When my grandfather was eighty-six, the spots in his left eye began to impede his vision.
Cataracts, the doctor said, treatable with surgery.
“I’d like to have the surgery,” my grandfather said.
The doctor appraised the octogenarian who appeared much younger than his age. He had bright shining skin, a full head of hair and had walked into the exam room with a sureness of foot that he, the doctor, himself a relatively young fifty-five, rarely saw in men this age. Still, the doctor had over the years seen countless seemingly healthy geriatric patients who were suddenly diagnosed with this or that or who, though healthy this year, experienced a rapid decline into senile decrepitness the next.
Age was a volatile thing. He was also a reasonable doctor, not in it for the money. He operated only when he deemed necessary and in my grandfather’s case, the doctor felt it was not. The patient said that he could see and read through the dingy yellow tint of the cataracts, but that sometimes the left eye was a bit cloudy. This was bothersome.
“Your eyes will serve you well for another ten years,” the doctor said assuringly, though to himself he said, “Though you will likely only need them another five at most.” “If the cataracts are worse by then,” he said to my grandfather, “come back and see me. Then we will remove them.”
My grandfather, not one to take a doctor’s words lightly, nodded and went on his way.
Ten years flew by during which my grandfather read the newspaper each day with yellow tinted eyeballs. The eye doctor continued his practice, advising elderly patients to forgo cataract surgery. He turned sixty-five and some nights, when he was particularly exhausted or not feeling well, he wondered how much longer he had. Twenty years, he hoped, twenty years at least.
The doctor forgot about the eighty-six year old man he saw ten years ago until one day, the man, now ninety-six appeared in his exam room.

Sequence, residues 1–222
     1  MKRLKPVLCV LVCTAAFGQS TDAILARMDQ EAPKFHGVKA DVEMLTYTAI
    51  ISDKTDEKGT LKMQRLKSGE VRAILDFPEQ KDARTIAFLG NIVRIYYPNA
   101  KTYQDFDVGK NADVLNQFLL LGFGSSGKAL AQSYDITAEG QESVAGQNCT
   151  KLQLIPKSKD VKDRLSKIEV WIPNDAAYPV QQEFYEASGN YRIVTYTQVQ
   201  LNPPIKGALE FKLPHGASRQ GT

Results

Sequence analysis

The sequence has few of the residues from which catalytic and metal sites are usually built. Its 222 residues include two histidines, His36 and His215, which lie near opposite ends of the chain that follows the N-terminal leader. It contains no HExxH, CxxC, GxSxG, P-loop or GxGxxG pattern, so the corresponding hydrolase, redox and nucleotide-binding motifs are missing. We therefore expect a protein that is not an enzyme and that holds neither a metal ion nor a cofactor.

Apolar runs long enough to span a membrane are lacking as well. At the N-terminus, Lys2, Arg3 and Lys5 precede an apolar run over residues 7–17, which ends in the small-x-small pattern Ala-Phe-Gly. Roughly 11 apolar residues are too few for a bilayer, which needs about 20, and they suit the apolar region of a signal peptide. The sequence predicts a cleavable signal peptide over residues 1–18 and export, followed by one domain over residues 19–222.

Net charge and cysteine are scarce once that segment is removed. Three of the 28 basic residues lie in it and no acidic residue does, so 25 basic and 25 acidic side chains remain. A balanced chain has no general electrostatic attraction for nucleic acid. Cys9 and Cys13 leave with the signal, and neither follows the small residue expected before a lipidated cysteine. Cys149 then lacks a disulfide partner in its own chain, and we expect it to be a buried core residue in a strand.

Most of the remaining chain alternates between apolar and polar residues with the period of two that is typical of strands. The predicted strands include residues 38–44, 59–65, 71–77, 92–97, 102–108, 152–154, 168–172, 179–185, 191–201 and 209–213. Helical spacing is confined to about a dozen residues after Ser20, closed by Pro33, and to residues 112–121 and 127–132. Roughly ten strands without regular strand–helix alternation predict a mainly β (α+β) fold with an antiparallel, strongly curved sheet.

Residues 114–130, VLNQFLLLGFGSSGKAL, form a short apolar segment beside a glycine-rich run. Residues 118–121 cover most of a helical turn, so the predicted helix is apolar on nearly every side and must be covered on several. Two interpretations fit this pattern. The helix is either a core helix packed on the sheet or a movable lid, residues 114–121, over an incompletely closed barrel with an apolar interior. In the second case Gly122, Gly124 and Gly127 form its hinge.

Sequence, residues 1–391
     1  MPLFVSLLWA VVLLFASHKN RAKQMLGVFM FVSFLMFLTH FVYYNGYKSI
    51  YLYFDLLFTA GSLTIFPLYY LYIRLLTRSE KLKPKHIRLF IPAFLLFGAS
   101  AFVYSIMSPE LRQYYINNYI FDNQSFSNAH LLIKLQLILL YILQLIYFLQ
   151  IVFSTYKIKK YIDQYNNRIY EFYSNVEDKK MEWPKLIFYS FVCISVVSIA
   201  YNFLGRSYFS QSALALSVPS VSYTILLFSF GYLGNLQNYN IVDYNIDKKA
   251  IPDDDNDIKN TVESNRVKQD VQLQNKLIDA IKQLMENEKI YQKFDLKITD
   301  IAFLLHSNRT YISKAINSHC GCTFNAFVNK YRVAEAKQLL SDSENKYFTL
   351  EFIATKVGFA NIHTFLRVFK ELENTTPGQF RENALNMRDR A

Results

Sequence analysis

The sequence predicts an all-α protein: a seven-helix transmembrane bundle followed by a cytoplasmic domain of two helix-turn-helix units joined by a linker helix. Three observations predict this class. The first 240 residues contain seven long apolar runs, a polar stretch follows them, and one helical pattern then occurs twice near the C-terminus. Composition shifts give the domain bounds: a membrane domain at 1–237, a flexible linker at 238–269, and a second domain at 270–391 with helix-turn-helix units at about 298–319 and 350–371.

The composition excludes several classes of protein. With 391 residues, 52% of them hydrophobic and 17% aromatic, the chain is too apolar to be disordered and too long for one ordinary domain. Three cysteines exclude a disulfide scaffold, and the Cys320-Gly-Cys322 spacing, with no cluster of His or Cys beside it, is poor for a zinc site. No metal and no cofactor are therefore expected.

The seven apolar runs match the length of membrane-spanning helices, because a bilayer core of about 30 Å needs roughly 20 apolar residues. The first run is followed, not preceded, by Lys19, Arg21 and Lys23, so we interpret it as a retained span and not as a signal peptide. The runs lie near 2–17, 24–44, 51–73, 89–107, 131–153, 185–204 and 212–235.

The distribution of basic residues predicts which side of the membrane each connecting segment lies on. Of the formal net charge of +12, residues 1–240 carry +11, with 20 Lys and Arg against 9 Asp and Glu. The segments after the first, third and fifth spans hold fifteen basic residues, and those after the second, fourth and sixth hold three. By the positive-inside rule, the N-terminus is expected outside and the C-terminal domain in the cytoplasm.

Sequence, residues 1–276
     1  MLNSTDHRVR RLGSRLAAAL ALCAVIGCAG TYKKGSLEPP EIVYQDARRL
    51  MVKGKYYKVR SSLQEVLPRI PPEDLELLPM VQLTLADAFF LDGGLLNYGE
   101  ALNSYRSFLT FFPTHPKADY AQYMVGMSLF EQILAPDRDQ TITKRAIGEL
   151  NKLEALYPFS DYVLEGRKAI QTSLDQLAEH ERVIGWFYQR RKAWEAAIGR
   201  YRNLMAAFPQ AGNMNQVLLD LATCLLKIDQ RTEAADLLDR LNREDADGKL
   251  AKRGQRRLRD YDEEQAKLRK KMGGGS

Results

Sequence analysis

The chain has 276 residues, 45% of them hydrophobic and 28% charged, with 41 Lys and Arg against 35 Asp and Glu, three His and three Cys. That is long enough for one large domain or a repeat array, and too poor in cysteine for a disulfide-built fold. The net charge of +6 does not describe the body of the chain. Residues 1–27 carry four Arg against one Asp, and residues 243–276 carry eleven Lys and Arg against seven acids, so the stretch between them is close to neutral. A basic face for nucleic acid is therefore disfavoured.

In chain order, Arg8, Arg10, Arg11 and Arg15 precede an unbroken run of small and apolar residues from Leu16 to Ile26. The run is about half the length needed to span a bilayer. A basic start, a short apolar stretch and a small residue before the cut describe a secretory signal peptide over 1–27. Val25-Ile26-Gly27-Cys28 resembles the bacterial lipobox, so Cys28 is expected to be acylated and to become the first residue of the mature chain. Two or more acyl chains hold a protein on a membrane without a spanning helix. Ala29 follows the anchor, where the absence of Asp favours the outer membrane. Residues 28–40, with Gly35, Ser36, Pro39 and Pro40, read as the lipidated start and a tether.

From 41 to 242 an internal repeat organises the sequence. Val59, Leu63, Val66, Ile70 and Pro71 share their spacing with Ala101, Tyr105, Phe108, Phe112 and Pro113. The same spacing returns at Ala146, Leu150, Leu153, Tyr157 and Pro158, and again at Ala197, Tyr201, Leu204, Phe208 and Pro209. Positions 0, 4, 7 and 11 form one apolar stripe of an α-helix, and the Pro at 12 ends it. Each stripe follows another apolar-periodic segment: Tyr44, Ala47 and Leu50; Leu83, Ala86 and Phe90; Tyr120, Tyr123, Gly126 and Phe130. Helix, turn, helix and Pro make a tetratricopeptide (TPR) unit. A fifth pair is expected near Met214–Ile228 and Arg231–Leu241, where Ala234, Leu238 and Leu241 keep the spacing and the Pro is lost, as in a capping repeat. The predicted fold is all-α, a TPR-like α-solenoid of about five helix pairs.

“It’s been ten years,” the elderly gentleman said.
The doctor blinked. The man seemed to have aged little. His back was slightly more curved, his skin a few degrees more papery and his eyelids a smidge droopier, but the skin still shone and the walk, though slower, was still steady.
“It has been ten years,” the doctor said, “And the cataracts…”
“I want them out,” said the patient.
The doctor felt a sudden roil of regret in his gut – he had denied this man ten years of better vision. But surely now the gentleman did not have much longer. However, it would be rude too, to say, “Wait ten years more.”
The doctor nodded and, because he was a man of his word said, “We will remove them.” He excused himself to arrange his calendar with the nurse and thought, as he closed the door, you just never know.
A few days later my grandfather opened his eyes.
|Grandpa at ninety-nine, three years after his cataract surgery. Wearing a tie that is too long.|
His wife and sons and their wives crowded around him.
“How do you feel? What do you see?”
My grandfather blinked and smiled a newborn’s smile, gazing beyond their concerned faces.
“The walls,” he said, pointing at the walls that had always been there, a small, wondering smile on his lips, “The walls are white.”